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Meter Reading False Friends

By Mike Pasini, Editor
Imaging Resource Newsletter

The big smile, the firm handshake, the hearty laugh and ... the deed to that swampland in Florida. False friends. What would we do without them? Life just wouldn't be as much fun.

"One friend that is never false is your LCD monitor. Trust it in tough situations to give you reliable, if limited, feedback."

It's hard to detect them, of course, because false friends always inspire the most trust in us. Like your exposure meter. Why wouldn't you trust it?

Well, your camera's meter has its moments of riotous humor, too. Not many, but a few. Being aware of them will help you avoid some routinely poor exposures. Like those dark beach scenes you get every summer.

Your meter is calculating the correct lens opening and shutter speed to expose for a middle gray or 18 percent reflectance. A predominantly white scene will be underexposed to turn that whiteness into middle gray. Likewise a dark scene will be overexposed to make the darkness turn gray instead of black.

Whether or not you have manual control of your lens aperture and shutter speed, you can compensate for these false readings. On an automatic camera, you'll have to adjust the EV or exposure value compensation settings. But that does the job.

Sunlit snow or water will bedevil the camera's meter. If you're shooting scenes with these tricksters taking up most of the frame, don't trust your meter alone. Instead, open up your lens two stops or increase your EV to +2.0. Your meter is reading too much light for the shot.

If the subject is sand, sky, or shady snow, open up a stop or increase your EV to +1.0.

Those adjustments assume the frame is filled with tricky reflected light. But if it's only half the frame, your meter reading will be only partly off, so you'll want to make less than the full adjustment. And if you mix and match (hard to avoid on the beach where you have sand and sun on the water), pick a value between the two.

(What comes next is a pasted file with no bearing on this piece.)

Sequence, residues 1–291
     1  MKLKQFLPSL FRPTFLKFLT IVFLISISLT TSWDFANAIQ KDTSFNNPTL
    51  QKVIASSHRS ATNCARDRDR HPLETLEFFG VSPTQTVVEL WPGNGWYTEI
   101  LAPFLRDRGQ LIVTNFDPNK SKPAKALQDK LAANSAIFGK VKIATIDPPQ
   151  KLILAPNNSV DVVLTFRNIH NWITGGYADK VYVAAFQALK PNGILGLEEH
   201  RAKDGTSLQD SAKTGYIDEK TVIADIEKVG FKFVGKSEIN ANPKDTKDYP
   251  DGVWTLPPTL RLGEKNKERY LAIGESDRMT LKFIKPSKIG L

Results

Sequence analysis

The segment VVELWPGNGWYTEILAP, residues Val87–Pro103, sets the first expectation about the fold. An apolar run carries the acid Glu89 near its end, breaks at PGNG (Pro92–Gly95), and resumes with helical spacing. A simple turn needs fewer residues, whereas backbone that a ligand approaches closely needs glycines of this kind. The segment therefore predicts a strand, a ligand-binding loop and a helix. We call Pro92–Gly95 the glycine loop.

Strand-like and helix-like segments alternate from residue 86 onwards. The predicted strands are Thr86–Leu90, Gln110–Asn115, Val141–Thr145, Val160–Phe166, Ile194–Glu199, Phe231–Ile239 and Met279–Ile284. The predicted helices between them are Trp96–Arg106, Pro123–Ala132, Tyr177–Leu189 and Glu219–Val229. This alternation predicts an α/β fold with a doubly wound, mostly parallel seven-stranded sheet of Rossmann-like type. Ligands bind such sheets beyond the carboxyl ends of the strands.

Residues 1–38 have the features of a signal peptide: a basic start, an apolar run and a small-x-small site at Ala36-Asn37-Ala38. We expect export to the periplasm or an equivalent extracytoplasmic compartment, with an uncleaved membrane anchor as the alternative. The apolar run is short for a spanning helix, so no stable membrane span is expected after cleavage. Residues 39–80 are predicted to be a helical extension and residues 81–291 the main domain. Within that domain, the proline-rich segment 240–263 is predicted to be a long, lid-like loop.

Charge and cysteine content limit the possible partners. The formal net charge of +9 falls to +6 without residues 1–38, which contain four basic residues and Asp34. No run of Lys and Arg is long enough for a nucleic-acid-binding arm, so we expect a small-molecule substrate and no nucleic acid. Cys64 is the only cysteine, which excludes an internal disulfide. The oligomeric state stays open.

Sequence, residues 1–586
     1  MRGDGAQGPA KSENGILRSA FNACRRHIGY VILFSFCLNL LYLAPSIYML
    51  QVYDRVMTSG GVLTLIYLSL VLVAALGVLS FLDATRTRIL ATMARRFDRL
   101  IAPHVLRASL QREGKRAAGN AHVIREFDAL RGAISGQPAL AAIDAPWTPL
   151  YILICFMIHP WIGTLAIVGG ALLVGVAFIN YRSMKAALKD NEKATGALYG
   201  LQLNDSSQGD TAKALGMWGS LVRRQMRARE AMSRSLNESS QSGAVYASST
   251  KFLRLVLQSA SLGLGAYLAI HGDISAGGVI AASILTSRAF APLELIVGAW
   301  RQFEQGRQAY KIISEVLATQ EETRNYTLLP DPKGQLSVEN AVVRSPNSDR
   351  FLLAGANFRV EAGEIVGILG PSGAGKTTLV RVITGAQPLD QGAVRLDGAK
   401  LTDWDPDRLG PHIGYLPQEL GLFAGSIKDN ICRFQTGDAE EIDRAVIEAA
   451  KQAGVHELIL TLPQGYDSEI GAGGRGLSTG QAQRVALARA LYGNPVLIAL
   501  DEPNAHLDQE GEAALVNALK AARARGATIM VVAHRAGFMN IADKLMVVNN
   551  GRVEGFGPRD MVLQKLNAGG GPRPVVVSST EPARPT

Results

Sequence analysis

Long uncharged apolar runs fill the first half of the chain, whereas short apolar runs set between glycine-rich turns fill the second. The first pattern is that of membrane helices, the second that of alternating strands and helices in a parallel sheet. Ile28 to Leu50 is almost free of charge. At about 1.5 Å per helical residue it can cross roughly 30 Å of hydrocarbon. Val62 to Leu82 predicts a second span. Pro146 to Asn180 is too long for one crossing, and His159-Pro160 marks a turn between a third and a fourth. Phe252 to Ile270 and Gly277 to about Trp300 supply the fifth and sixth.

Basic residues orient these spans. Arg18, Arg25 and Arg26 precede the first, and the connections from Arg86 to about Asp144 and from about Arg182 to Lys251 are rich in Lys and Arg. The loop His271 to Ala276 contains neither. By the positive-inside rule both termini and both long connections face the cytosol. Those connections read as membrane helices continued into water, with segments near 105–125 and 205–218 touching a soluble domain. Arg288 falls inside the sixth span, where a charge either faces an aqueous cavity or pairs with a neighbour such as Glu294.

If your subject is giving a false reading simply from too much sky in the picture (on a grassy field, for example), aim your camera down a bit to eliminate the sky from the shot and press your shutter button halfway down to lock the exposure before reframing and taking the shot.

"Your camera's meter has its moments of riotous humor, too. Not many, but a few."

When the scene confuses the meter, you can use your hand to help out. A light-skinned palm reflects about one stop more light than an 18-percent gray card. Meter your hand and close down a stop, or set your EV to -1.0.

If you follow this advice, you'll be having so much success you'll never want to go home, which means at the end of the day you'll be wondering how to shoot the sunset.

This is one case in which metering the sky is a good idea. But avoid metering the setting sun itself. Instead, pan either to the right or left of the sun to take your reading (that's north or south to you intrepid adventurers). Pick the side that most looks like what you want to shoot, of course. And try to shade your lens from the sun with your free hand. Then just set the exposure with a half-depressed shutter button and reframe for the shot.

One friend that is never false is your LCD monitor. Trust it in tough situations to give you reliable, if limited, feedback. The color may not render truly (especially compared to the phosphors on your computer monitor or the dyes in your printer) but the brightness range should be telling. You may have to learn just how telling, but your LCD should give you valuable feedback.

As the saying goes, a friend in need is a friend indeed.

This article is reprinted from The Imaging Resource Digital Photography Newsletter,
Advanced Mode Column, published July 28, 2000